The Power of a Transformed Wife, Lori Alexander, Dating, Sexual Purity
This is a book review series of The Power of a Transformed Wife by Lori Alexander. If you are just joining us, you may click on previous chapter reviews if you’d like to catch up.
Chapter 11 – The Dating Scene and Sexual Purity
I included the above screen shot for today’s book review post because Lori mentions how her editor doesn’t understand why her book is receiving so many bad reviews. I have one question for her editor: Why did you allow this chapter to be included in the book? Chapter nine talked about raising children, then chapter ten talked about birth control, and now we are back to raising children. If Lori wanted the thoughts of this chapter in her book, they should have been placed in other chapters. Instead, the thoughts are so disorganized and everything circles back around to how pornography is bad. But, no, this chapter remained, so that means this book is at least ten pages longer than it needs to be.
Lori starts this chapter by telling a story about about a speaker who came to her Sunday school class around the time that her oldest was sixteen. This is what stood out that day:
“Nothing good comes out of dating – only broken hearts and all too often, purity is lost,” he said. “Dating also prepares children for a divorce type of mentality. When things aren’t working out or you’ve lost feelings for each other or get angry, you call it quits. Easy in, easy out.”
What this speaker said made a lot of sense to Ken and me, so we decided to encourage our children not to date during high school.
Lori’s concession to dating was that her children could go with a group or a close friend, but never one-on-one with someone of the opposite sex (does that include the “close friend?”). I understand encouraging kids not to date during high school. I’ve said this to my own kids by encouraging them to focus on school, enjoy friendships, and having time to work or participate in school activities. The thing is, a lot of kids want to date during high school, so it’s better to teach them about healthy relationships instead of the doomed marriage that may happen ten years later.
That being said, this thought of dating-without-the-intent-of-marrying-only-encourages-a-divorce attitude is one that purity culture likes to propagate. It’s designed to keep kids pure and reduce sex outside of marriage. Has anyone been to a marriage ceremony where part of the vows include concession for divorce when feelings fade? Reality is that most people don’t think about divorce when they get married.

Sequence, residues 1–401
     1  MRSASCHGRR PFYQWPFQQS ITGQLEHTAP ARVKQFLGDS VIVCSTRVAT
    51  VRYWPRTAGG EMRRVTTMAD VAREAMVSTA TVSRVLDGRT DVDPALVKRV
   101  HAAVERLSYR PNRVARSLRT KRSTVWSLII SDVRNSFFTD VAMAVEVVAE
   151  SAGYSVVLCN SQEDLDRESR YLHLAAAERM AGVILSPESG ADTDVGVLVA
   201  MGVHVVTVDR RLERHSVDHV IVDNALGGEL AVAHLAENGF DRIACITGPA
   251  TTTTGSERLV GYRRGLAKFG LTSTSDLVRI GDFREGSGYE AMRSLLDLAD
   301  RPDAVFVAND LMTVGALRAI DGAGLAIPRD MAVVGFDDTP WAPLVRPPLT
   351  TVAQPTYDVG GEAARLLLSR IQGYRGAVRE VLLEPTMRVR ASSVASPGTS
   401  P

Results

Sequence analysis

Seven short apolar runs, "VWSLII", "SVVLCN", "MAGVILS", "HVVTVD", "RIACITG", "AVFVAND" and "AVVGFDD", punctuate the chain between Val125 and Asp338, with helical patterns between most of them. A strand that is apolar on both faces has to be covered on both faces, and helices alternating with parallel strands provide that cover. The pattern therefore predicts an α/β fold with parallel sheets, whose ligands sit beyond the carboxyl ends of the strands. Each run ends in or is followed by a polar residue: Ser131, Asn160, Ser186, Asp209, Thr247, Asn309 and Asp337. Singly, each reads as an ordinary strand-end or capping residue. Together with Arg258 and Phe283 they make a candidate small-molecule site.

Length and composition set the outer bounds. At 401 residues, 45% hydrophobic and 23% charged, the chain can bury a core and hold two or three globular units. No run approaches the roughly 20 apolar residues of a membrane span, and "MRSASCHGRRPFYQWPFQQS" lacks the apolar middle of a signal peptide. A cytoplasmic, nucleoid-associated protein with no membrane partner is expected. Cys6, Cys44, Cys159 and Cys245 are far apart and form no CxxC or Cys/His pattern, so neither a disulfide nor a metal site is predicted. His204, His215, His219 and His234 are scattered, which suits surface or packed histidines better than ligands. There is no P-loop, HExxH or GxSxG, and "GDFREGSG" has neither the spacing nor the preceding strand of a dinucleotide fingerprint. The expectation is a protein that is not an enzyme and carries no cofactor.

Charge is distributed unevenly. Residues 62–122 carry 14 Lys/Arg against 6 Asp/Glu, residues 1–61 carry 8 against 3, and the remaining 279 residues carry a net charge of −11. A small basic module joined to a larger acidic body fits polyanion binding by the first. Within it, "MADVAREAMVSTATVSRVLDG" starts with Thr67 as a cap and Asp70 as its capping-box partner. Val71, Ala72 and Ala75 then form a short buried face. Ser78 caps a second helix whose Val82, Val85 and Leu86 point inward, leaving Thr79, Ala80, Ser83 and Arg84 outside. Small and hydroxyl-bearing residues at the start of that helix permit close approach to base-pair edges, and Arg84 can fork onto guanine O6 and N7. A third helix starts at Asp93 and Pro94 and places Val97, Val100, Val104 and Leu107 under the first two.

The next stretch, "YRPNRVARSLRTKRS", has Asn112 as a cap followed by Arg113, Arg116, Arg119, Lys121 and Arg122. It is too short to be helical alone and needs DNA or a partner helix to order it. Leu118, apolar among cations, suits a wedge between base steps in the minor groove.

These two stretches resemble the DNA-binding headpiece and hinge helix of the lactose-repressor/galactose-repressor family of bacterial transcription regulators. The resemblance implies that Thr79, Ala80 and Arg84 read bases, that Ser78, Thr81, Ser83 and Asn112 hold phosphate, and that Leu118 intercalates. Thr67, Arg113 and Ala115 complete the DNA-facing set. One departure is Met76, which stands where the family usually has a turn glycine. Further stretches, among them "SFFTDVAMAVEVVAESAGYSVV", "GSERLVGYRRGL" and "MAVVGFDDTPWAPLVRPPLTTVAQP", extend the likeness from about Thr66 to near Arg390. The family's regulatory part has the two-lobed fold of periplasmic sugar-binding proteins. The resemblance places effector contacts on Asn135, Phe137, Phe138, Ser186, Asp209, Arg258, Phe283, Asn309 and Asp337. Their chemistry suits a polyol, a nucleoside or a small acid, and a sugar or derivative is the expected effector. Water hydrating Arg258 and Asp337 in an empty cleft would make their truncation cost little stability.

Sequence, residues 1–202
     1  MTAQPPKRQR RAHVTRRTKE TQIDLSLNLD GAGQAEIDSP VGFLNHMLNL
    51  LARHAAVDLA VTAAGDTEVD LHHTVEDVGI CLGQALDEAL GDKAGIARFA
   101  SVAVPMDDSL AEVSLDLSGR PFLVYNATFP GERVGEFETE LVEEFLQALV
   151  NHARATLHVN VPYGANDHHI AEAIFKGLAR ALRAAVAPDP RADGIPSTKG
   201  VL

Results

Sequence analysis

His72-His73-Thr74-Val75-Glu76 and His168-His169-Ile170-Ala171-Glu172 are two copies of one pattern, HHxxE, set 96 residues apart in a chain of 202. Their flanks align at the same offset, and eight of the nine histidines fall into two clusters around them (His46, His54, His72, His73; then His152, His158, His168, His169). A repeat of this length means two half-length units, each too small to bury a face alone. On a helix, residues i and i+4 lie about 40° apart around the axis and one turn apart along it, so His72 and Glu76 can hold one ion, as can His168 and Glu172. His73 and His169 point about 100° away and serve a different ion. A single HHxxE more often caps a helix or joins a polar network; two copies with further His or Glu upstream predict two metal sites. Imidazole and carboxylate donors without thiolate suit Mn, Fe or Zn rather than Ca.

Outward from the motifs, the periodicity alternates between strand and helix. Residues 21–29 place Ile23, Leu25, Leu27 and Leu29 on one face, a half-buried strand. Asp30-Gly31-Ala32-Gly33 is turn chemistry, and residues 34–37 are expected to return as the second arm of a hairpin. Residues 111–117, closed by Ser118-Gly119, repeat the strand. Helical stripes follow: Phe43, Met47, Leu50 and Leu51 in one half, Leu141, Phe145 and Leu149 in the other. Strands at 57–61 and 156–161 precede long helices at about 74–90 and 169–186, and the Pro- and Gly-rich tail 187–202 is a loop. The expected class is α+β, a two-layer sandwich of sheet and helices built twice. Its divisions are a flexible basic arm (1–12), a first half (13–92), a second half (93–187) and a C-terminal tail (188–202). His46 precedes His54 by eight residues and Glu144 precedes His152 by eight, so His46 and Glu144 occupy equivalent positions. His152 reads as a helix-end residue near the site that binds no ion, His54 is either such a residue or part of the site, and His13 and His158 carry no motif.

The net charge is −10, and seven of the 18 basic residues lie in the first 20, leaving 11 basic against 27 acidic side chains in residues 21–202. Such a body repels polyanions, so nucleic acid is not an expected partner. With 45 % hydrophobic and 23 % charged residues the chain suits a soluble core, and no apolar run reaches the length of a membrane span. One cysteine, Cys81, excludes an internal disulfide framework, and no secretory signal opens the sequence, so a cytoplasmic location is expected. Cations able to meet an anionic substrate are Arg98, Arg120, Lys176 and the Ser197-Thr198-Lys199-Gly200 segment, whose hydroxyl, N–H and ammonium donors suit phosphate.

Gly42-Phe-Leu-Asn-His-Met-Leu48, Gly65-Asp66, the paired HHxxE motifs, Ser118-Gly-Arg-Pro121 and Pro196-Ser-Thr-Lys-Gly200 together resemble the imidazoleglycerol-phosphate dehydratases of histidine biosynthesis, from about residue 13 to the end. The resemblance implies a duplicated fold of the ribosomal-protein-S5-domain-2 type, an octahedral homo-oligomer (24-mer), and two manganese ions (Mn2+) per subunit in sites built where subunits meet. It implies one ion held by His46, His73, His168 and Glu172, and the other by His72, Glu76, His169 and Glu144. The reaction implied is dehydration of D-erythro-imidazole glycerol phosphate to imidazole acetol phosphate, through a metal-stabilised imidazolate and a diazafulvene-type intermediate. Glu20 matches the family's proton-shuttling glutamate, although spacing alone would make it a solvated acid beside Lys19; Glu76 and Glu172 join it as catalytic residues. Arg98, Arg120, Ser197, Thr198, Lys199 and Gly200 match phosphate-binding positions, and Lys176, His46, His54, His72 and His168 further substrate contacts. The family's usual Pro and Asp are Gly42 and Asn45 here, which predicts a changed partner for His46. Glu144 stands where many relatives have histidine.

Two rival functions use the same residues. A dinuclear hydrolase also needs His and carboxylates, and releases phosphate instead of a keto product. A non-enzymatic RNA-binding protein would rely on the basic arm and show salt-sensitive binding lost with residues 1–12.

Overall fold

On a side note, I think Lori forgot what she wrote in her book when she provided space for a guest post this summer about how women were created to marry young. In her book she wanted her children to be sexually pure and not date, yet the author of this guest post states:
I do not believe that God made a mistake when he designed our bodies to mature fully by the mid teens. This is when we were designed to meet the person we were to marry and begin life together and that has not changed despite our culture changing. The undisputed optimal age biologically for a woman to have a baby is around age 16. This age demonstrates the very best outcomes for mother and baby.
Moving on, Lori talks about how parents must protect their children from sexual abuse. Finally, something worthwhile here! She states:
A parent must be diligent about protecting their children from sexual abuse. With sexual immorality and pornography rampant, you cannot sit by and do nothing. Sex predators are abusing little girls and boys even in the bushes at the park! They do it when your children are out playing with their friends. It’s really happening, and I hear about it way too often.
You must instruct your children from a young age so they will be well educated in what is proper behavior as a teenager and then as an adult. That way a child can recognize and respond to aberrant behavior.
Oh. My. Word. Is she serious?! I hope she never has a speaking gig regarding child sex abuse. She is at least thirty years behind and is extremely clueless. Lori isn’t the first I have come across that blames child sex abuse on the stranger in the bushes. People like Lori have difficulty admitting that child sexual abuse happens in the church, in Christian homes, and usually by someone the child knows. She also mentions two books by Debi Pearl: Samuel Learns to Yell and Tell and Sara Sue Learns to Yell and Tell. Has anyone read these to offer an insight about Debi’s views and knowledge of child sex abuse?
In true Lori book fashion, she includes a long blog post by another writer and ends this chapter with a blog post of a letter that was written by her daughter-in-law, Emily. A lot of Lori’s early blog, Always Learning, was filled with posts about her children and their spouses. I wonder how they feel about being used as examples of her teaching.
There are two take-aways that I gained from this chapter: 1. It is a useless chapter that the editor managed to keep in the book, and 2. Don’t listen to Lori when it comes to understanding child sex abuse.